Densho Digital Archive
Densho Visual History Collection
Title: Masao Watanabe Interview
Narrator: Masao Watanabe
Interviewer: Tom Ikeda
Location: Seattle, Washington
Date: June 19, 1998
Densho ID: denshovh-wmasao-01-0005

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TI: Now, having a father running a business of this type, how were the kids involved, and your mother? How were they involved in the business?

MW: How were the who? Kids?

TI: Yeah, the kids like you and your brothers and sisters.

MW: Well, they had to have laborers. [Laughs] We just worked, and when we were older, as our -- well, a lot depended on age. And I think most of us worked behind the counters since we were very small or very young, and especially on weekends when it was so busy. My sister worked a little, my brother worked, and I worked, and even my mother with five kids had to work on weekends at times. So it was... I don't know. It was kind of a hassle, I think, for the family.

TI: What were your memories? I'm trying to imagine. You know, to this day I still go down to the Pike Place Market. It's one of my favorite places. But can you sort of describe how it was for you, especially as a boy growing up, what the market was like?

MW: Okay, it was a unique society because of the stands and the actual farmers in Green Lake and the valley that used to come in. So the Isseis started a little community for themselves. They had restaurants, cafes, and what we call meshiyas now. And, gee, lunchtime was a special time for all the workers. They used to have these eateries with big pots of rice and whatever was the special of the day. And it was a very informal place where you can, guys like you could have eaten five bowls of rice, and it was very interesting. It was a community within itself. And there were a number of little restaurants or cafes that were hamburger joints, or just regular cafes, besides the meshiyas.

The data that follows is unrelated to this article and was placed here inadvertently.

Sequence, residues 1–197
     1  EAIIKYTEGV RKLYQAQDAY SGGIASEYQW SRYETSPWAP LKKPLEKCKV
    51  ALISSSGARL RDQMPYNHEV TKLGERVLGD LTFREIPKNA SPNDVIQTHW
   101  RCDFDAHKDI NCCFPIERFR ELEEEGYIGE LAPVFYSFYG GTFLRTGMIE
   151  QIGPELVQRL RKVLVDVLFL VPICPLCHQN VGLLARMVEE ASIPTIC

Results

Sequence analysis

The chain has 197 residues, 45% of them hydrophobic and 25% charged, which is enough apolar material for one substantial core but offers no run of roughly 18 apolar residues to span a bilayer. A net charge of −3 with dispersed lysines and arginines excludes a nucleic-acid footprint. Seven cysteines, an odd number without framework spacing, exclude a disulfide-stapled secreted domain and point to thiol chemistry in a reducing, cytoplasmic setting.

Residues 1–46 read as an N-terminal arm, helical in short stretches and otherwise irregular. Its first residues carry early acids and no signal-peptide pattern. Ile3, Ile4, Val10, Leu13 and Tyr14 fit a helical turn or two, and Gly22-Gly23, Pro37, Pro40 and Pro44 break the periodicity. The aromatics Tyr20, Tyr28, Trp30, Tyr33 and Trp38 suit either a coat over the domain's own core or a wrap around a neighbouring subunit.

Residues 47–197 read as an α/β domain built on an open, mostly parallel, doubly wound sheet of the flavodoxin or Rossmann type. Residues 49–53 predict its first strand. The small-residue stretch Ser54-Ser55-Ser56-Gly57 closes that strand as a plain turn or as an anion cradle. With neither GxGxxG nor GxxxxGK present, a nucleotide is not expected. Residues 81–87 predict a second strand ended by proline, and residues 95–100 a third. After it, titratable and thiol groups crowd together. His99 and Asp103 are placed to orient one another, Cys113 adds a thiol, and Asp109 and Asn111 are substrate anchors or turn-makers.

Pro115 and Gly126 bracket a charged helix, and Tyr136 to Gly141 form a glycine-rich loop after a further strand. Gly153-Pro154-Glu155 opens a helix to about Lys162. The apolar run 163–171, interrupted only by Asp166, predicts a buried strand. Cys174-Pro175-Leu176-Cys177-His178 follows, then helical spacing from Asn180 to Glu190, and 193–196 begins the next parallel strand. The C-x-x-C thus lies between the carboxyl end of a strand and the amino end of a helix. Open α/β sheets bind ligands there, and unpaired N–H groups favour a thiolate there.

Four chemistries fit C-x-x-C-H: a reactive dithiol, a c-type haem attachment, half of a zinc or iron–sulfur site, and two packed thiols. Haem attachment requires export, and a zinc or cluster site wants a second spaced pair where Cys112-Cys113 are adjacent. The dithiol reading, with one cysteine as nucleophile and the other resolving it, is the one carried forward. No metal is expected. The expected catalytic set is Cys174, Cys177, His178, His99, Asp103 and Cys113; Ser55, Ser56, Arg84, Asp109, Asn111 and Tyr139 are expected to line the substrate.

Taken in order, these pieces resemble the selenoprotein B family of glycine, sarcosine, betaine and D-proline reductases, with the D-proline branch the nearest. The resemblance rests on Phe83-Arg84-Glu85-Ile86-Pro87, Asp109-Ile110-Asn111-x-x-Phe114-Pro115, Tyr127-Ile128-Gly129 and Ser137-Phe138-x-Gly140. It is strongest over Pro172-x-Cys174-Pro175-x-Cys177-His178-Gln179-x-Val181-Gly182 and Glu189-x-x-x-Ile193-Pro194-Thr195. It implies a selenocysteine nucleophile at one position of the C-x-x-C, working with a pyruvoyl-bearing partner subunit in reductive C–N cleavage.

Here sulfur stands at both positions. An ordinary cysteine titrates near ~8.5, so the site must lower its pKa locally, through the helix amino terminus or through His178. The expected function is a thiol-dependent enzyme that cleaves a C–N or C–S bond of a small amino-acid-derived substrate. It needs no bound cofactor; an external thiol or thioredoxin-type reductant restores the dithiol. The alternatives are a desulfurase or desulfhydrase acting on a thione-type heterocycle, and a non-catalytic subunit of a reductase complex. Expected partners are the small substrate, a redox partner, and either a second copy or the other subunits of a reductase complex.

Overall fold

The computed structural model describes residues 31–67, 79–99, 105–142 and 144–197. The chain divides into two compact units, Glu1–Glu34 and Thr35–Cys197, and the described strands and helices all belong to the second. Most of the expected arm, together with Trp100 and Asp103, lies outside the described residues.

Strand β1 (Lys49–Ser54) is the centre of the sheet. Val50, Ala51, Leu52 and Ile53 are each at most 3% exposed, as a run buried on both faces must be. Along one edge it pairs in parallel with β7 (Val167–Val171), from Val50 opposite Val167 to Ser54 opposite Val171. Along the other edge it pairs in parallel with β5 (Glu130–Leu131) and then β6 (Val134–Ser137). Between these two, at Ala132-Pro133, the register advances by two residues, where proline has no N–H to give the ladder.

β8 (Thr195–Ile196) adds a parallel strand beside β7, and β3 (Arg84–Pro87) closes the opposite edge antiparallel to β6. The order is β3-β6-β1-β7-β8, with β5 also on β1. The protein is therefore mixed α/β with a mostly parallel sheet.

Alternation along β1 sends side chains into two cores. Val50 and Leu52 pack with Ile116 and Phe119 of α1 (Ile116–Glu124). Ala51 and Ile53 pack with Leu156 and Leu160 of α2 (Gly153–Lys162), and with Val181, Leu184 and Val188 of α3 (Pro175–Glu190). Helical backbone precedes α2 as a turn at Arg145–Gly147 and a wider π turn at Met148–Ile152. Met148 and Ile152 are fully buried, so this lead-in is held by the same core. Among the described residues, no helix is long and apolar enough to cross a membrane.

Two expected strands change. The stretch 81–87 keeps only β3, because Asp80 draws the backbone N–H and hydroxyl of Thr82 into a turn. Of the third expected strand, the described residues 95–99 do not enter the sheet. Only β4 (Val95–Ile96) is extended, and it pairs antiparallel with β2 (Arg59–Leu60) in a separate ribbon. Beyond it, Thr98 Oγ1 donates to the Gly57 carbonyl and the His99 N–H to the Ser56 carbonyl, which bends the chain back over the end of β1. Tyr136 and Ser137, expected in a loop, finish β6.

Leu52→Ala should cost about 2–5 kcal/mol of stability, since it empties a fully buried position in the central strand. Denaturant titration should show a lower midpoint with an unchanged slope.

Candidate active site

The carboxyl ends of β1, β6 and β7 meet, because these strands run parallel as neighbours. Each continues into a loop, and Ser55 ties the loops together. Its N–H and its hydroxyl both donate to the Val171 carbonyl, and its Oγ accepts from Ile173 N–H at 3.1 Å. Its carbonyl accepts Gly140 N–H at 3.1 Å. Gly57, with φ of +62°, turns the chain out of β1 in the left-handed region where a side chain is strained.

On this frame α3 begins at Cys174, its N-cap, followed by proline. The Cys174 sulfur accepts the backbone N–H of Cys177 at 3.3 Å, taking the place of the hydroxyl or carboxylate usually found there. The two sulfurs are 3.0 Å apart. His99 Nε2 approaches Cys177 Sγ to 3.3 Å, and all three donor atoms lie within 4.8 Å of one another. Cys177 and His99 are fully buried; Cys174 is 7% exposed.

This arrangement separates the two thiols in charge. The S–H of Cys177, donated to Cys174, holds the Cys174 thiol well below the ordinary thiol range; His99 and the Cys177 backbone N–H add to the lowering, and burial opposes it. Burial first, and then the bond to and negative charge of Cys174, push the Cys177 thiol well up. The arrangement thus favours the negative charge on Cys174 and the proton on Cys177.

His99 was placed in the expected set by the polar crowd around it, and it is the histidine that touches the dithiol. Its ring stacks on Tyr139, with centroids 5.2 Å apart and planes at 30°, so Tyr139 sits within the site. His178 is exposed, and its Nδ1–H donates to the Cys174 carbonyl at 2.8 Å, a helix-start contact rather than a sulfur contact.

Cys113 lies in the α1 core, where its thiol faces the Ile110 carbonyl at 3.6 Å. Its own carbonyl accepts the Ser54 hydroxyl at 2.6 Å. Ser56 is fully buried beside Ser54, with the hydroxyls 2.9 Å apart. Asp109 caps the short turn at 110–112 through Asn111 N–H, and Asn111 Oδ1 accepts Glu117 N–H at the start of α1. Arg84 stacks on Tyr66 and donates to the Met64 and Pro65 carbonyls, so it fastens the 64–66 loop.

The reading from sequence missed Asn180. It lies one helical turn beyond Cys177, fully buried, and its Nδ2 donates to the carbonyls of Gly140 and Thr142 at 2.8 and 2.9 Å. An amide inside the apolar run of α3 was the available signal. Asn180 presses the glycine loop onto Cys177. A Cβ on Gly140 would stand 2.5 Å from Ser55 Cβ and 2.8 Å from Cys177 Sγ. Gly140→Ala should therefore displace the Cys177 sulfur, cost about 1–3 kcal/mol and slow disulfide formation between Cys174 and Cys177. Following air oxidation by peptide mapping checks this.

TI: Okay. So the meshiyas, was that organized by the, essentially the workers, or was somebody just set that up and then they charged the workers for lunch? How did that work?

MW: Well, I think it's just like down in Japantown or something. If somebody saw a chance for business or something, they just went in. 'Cause they had to be fed. It was interesting. It was a unique society in itself, I think.

TI: And the other small, like, hamburger places, were those also run by Japanese?

MW: Well, there were a few fairly small cafes where they had a few specials every day, that you could always get a sandwich or cup of coffee. Like -- a lot of those were just for breaks during the day.

<End Segment 5> - Copyright © 1998 Densho. All Rights Reserved.